We discuss the accuracy to which ALMA antenna relative positions can be
determined via astronomical observations of phase and delay toward
multiple strong calibrators. We show that delay induced phase gradients
across the bandpass can be used to resolve turn ambiguities so that
accurate delays can estimated from the phase. At low frequencies this
demands only modest stability of the bandpass phase. For this and other
reasons we argue that 90GHz is the best frequency for position calibration
observations. The proposed specification for short time instrumental phase
stability is adequate for antenna position determination. We discuss in
detail the effect of the wet troposphere and derive how position errors
scale with baseline length in the case of single-baseline calibration.
We then generalise to a full calibration of the whole array. It is found
that the resulting position errors between two antennas is the same as if
these two antennas participated in there own single baseline calibration.
We find that because of the geometry and the need to solve for
instrumental phase that even on short baselines the rms error on the
vertical or z-component is twice as large as for the x and y components.
In addition for >1km baselines while the x and y rms errors rapidly
saturate the z components rms errors continue to increase. Some
uncertainly in estimating errors on long baselines comes from our lack of
knowledge of the outer scale of turbulence at the site. The effects of
systematic gradients in the zenith wet or dry delay and methods of
calibration are briefly considered.
We propose that when in the intermediate 'zoom' array configurations an initial calibration of the moved antennas is made in late afternoon lasting 30minutes. Later in the early hours of the morning, when phase stability is best, we propose a 30 - 60 minute calibration of the whole array. Because of the need to apply phase corrections for antenna positions retro-actively even continuum data should always be stored in spectral line mode with channel widths <1 GHz. Final pipelining for the highest dynamic range imaging may have to wait for up to 12 hours until good antenna positions are obtained. With good 'a priori' positioning of antennas on pads and/or the acceptance of delayed pipelining as the norm after reconfiguration the first late-afternoon calibration might be avoided. For the smallest configurations we expect that the troposphere will not be a limitation on achieving the proposed goal of 100 microns relative positioning on all baselines. For larger configurations we estimate that while most baselines will achieve the target accuracy those baselines to recently moved antennas will have much larger errors. Further work is required to understand the effects of this on imaging and astrometry.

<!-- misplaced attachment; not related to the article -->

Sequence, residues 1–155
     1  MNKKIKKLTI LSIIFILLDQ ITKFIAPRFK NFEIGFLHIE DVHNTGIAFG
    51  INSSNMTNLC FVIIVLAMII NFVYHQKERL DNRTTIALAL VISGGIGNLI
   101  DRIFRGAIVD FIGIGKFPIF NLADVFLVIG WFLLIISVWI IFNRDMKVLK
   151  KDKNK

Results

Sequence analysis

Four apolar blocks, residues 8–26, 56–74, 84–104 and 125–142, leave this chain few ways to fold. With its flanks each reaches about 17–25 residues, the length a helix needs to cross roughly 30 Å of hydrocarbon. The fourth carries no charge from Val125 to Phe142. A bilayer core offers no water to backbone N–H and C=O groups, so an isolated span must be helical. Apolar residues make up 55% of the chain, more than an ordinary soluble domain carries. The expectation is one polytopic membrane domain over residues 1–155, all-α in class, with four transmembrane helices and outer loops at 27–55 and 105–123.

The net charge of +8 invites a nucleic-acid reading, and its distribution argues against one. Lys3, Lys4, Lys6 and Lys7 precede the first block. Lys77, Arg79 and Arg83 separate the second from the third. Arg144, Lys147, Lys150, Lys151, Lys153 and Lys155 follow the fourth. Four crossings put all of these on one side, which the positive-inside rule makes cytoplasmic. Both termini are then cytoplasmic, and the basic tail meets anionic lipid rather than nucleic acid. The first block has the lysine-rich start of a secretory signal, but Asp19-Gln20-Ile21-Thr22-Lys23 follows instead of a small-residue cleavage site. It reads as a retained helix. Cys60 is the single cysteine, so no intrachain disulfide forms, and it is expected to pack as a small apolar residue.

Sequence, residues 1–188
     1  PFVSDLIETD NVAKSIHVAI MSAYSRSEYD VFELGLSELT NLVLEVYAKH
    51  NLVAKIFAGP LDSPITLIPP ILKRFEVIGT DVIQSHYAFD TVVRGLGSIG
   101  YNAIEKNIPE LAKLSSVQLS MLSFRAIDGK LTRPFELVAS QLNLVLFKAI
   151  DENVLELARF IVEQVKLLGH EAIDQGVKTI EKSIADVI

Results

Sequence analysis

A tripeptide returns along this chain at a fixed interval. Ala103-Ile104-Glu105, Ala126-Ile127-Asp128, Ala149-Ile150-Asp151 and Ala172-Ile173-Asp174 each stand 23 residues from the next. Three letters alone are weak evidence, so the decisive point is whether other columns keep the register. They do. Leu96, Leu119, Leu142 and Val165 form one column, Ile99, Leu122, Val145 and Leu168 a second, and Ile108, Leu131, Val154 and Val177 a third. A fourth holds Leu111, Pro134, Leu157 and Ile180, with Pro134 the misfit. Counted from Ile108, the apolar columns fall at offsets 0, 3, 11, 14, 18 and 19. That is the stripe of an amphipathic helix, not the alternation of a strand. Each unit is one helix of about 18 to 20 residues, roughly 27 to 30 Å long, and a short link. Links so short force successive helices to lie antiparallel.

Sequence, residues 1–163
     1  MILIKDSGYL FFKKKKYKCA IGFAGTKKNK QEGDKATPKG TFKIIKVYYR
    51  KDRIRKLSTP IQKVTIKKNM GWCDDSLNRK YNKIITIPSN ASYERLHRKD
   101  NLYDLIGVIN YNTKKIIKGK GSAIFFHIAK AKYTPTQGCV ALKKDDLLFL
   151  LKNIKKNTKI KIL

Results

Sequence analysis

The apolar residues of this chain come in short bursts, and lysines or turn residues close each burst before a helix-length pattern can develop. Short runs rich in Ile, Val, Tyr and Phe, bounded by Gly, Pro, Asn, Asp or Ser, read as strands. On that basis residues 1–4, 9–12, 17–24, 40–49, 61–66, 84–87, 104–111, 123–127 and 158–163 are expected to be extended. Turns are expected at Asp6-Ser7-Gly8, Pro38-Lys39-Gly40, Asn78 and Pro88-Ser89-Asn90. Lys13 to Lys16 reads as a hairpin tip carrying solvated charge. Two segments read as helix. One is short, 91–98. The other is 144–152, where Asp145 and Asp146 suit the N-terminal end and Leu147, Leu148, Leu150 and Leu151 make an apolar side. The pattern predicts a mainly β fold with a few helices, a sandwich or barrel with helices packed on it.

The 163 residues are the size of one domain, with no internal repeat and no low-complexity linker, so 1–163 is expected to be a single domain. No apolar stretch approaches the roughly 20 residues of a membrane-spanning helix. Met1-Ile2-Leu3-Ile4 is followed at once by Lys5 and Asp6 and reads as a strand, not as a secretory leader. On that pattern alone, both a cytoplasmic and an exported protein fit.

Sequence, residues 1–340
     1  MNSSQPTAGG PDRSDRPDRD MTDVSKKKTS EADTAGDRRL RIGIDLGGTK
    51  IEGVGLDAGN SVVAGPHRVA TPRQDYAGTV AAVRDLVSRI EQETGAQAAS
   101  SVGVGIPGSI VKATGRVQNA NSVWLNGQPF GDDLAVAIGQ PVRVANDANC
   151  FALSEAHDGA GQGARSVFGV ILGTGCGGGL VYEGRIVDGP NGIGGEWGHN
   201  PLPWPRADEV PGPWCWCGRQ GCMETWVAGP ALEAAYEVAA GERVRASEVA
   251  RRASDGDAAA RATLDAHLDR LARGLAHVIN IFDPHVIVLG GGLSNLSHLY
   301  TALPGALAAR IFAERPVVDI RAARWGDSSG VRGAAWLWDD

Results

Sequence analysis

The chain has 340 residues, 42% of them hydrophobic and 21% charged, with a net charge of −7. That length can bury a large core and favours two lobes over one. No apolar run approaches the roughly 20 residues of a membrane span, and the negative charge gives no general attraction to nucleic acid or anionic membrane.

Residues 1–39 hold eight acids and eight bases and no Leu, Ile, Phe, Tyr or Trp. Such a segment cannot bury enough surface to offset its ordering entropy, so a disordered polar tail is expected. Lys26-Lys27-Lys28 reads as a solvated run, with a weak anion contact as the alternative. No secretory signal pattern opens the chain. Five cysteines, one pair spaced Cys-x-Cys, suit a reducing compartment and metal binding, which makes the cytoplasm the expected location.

View a pdf version of ALMA Memo #503.
Last modified: 2004-09-08